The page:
For a truck/SUV brand like GMC or Land Rover, the off-lease flood could be a positive, since those vehicles currently have high residuals, Caldwell said.
One of the ways to handle some of the off-lease volume — and an opportunity for dealers in and of itself — is used-car leasing, Caldwell said.
Granted, it’s a small market, with current penetration rates a little higher than 1 percent, she said. That still is an increase from past rates. And used leasing could be a more affordable option that new cars or certified pre-owned.
Dealers and automakers may be wise to come together and “explore” their options for used leasing, particularly the opportunity presented in luxury, pickups and SUVs, she said.
Used leasing might make sense. Especially since the flow of off-lease volume isn’t likely to dry up anytime soon.
“It’s not as if there’s going to be a point at which this is going to be revered; because it’s not … it’s continually growing, even to this moment,” Caldwell said.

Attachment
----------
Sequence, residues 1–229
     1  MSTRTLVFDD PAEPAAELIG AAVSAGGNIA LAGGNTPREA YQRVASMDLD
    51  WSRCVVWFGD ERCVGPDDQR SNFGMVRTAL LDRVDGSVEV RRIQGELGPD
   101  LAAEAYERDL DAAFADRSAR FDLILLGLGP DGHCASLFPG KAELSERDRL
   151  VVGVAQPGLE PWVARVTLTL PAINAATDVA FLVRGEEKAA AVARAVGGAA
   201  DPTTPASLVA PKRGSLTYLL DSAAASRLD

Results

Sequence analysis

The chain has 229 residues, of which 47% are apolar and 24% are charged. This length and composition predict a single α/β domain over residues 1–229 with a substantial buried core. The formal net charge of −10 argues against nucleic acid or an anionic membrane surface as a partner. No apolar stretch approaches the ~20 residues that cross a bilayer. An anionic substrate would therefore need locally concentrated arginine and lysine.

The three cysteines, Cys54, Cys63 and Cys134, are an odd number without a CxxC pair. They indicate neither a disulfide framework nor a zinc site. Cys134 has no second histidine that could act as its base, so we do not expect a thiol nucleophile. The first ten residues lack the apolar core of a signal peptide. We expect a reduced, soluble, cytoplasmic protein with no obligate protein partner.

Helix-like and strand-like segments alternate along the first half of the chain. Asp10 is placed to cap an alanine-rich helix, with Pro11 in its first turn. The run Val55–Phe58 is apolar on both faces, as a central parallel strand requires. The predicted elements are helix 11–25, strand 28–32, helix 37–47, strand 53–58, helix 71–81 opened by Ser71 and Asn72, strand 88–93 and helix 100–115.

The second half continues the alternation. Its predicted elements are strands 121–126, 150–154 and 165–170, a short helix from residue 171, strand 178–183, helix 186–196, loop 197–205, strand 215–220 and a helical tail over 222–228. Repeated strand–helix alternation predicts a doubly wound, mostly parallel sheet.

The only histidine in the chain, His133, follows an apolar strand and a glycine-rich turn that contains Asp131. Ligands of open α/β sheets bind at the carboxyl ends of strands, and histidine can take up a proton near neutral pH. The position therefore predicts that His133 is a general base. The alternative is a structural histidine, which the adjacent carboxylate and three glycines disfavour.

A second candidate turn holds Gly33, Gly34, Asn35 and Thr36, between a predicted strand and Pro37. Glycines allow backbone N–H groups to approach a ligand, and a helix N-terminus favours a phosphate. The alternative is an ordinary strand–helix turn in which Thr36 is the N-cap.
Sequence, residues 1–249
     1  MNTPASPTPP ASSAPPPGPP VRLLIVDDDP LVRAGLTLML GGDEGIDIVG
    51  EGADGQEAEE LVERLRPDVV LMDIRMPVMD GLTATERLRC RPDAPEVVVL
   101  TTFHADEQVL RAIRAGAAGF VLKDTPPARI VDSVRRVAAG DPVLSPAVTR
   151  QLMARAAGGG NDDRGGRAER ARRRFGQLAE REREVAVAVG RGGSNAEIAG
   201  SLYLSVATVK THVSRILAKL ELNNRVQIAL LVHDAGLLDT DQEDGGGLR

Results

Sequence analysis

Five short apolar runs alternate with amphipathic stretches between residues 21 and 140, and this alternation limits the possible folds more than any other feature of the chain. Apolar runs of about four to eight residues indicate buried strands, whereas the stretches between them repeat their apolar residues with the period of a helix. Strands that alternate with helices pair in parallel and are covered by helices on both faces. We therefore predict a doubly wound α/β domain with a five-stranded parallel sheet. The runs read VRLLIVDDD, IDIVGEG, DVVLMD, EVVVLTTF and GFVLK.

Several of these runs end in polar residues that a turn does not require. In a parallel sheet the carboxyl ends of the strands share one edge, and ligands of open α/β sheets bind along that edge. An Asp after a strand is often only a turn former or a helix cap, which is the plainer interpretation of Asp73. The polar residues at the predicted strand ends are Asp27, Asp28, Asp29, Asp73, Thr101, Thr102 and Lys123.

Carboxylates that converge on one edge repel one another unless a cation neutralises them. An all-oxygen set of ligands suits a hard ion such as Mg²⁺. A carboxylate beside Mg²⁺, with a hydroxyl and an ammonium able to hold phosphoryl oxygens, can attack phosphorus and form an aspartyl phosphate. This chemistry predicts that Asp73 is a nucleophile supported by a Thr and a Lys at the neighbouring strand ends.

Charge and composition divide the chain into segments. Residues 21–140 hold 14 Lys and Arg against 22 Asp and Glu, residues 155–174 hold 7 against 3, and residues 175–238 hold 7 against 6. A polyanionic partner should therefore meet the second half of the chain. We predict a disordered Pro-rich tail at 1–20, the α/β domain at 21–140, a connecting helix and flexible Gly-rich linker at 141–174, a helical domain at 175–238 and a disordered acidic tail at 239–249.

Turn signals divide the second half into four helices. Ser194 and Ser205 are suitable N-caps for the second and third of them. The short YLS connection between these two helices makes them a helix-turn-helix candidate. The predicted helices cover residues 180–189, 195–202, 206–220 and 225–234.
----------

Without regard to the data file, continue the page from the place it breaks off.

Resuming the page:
Another opportunity in the used-car market are the pre-owned standalone stores, which four of the six public retailers are incorporating into their strategies.
Auto Remarketing asked Caldwell for her take on these pre-owned stores (which have ramped up in the past year among public retailers) and whether they make sense.
“We know they’re going to have a lot of potential volume for them. And maybe (they could be) like a depot in which a lot of these off-lease vehicles could go. I think it definitely makes sense. A lot of dealers obviously like the used-car business,” she said.
After all, the used-car market is “usually a sweet spot for them,” she said.
These stores aren’t likely to get the same amount of trade-in volume that a new-car dealership would, so there would have to be some kind of strategy around sourcing, she said.
“But it seems like now is probably a good opportunity for that to happen,” Caldwell said. “Five years ago, when we were coming out of the recession, that wouldn’t have even been a possibility because the used volume was so scant … so now is probably the best time of any if you’re actually going to start something like that.”
Article courtesy of Joe Overby, Senior Editor at: http://www.autoremarketing.com